Shakespeare Sonnet 46: "Mine eye and heart are at a mortal war"
Edward de Vere, 17th Earl of Oxford
The speaker in Shakespeare sonnet 46 examines the nature of the conflict that rages between the two important sensibilities that direct his ability to create his poems.
Each poem includes an outer or visual part and an inner or metaphysical part: the outward part is guided by the "eye." The inner part is presided over by the "heart."
The speaker employs two metaphors to describe this raging battle: first, he places the eye and heart on a battlefield; then he transfers them to a courtroom.
As the speaker dramatizes the two battles, he eventually demonstrates how balance and harmony may prevail even after engaging in a vicious, contentious struggle.
Reading of Sonnet 46
First Quatrain: “Mine eye and heart are at a mortal war”
In Shakespeare sonnet 46, the speaker dramatizes a performance of his heart and eye engaged in a furious fight.
The speaker's heart and eye are battling over the age old conundrum of reason vs feeling: the speaker/poet's ability for aesthetic creation represents his reasoning or mind power, metaphorically expressed as "eye."
The speaker's feeling power is represented metaphorically by "heart." He claims that each would not approve of what the other declares; therefore, they are locked in a "mortal war."
The speaker demonstrates his awareness of the inner struggle he must abide as he lives his life of poetry creation.
Second Quatrain: “My heart doth plead that thou in him dost lie
The fight carries on with the speaker reporting that the heart is demanding that the poem belongs inside him. The heart asserts that it shields his feelings covering, keeping them out of sight.
If the eye is incapable of seeing into the temple of the heart, then the heart will believe that it will remain in first place regarding the creation of the poem.
That heart avows that it need not permit the eye to intrude into its activities.
The speaker then transforms his metaphor from the battlefield to the courtroom as he slides into a legal metaphor. He calls the eye the "defendant," and this defendant is arguing that he is responsible for the poem having a "fair appearance."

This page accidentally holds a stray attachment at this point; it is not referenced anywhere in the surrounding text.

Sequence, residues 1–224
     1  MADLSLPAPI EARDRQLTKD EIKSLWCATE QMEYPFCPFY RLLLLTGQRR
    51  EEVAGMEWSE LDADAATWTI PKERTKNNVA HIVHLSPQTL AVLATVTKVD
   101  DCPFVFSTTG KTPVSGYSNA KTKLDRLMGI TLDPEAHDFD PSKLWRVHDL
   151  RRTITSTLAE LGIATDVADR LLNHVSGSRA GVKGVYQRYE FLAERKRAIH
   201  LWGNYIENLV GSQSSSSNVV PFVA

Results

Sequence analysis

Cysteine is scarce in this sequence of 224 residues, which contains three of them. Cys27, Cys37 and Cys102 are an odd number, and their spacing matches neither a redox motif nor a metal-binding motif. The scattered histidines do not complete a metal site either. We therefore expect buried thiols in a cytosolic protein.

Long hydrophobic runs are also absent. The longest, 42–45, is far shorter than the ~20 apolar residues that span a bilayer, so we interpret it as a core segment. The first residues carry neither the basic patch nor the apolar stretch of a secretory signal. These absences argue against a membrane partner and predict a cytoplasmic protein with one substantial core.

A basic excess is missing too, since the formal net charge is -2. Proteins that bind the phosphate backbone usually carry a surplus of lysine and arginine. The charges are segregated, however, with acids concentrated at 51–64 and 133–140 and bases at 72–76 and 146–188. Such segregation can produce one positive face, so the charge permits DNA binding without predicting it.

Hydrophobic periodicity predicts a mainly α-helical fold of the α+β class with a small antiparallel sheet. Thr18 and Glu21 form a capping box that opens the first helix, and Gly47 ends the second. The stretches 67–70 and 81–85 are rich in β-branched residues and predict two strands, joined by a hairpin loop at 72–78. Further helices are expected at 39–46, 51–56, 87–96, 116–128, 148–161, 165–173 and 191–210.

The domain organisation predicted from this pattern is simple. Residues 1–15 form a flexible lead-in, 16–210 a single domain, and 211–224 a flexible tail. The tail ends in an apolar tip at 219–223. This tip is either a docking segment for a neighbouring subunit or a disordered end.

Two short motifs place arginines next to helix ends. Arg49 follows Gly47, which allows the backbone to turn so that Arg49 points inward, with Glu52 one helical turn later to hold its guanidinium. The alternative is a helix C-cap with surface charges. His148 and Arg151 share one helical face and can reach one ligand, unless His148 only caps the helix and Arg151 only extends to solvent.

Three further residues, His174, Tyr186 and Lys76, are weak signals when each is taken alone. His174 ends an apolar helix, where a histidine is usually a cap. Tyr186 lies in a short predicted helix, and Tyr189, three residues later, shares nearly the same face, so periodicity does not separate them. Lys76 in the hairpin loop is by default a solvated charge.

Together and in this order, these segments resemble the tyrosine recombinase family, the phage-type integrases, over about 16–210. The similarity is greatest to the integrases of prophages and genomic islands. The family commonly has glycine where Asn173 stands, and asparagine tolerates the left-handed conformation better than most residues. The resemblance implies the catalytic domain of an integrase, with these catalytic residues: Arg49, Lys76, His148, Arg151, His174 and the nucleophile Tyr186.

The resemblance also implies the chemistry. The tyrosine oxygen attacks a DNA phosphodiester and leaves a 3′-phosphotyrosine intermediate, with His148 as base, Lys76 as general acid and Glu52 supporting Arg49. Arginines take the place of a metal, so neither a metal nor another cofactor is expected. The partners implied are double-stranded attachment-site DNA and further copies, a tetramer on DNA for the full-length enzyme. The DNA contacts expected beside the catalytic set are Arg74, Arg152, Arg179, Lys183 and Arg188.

The defendant "eye" claims that the heart is perjuring himself in the complaints.
Third Quatrain: “To ’cide this title is impannelled”
In order to determine the outcome of this battle turned court case, the speaker engages a group of "thoughts." However, these "thoughts" are anything but haphazard. Instead all the thoughts are actually "tenants to the heart."
Thus, it will remain arguable whether those “tenants” will remain fair and objective. However, it is not objectivity that this speaker pursues; his treasure will be—balance and harmony.
The speaker speaks truly that this "quest of thought" will render the proper verdict; he will remain satisfied that they will decide correctly how each part "eye" or "heart" will play out in his poetry creation.
The Couplet: “As thus; mine eye’s due is thy outward part”
As the couplet unfolds, it becomes clear that the speaker has balanced and harmonized the roles of heart and eye in his poetry creation.
The speaker determines that the eye will be responsible for the outward appearance of the sonnet, including all the poetic devices, rhythm, rime, the use of imagery, metaphor, and it will shape the form of the sonnet.
The heart will guide and guard the subject matter and content of the sonnet. It will perform this task while adhering to constraints offered by the eye, lest the poem become maudlin or melancholy, or perhaps even solipsistic.
The speaker has repeatedly and often unveiled his own true purpose for poetry creation: to express his love. He creates each little drama out of his love for his art and his subject matter.
The speaker continues to report on each little conflict that arises in his journey toward the perfect sonnet. Each drama becomes a vital chapter in the story of his art and the unveiling of his resplendent talent. His adoration for poetry creation remains at the heart of all of his effort.
© 2017 Linda Sue Grimes